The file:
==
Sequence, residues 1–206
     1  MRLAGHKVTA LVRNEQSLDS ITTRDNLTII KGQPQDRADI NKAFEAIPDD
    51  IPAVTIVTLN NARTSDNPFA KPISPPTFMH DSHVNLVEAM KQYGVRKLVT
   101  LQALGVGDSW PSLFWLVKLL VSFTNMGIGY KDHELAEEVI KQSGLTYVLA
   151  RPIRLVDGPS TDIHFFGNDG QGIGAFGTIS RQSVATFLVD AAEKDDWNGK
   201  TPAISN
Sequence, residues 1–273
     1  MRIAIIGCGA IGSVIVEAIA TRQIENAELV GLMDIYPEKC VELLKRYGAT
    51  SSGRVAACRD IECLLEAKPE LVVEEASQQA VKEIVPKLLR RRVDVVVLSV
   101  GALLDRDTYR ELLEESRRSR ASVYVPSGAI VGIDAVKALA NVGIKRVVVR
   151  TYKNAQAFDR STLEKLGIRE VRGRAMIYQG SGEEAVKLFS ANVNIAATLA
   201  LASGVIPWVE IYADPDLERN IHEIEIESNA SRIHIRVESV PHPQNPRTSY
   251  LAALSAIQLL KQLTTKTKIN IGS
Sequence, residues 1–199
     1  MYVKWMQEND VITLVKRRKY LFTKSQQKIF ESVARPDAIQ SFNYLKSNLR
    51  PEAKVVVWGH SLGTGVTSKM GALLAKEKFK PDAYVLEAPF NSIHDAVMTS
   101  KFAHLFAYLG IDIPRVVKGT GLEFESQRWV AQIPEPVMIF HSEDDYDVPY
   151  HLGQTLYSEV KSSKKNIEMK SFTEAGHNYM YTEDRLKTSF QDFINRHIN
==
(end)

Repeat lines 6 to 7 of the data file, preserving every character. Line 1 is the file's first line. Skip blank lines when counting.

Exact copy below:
   201  TPAISN
Sequence, residues 1–273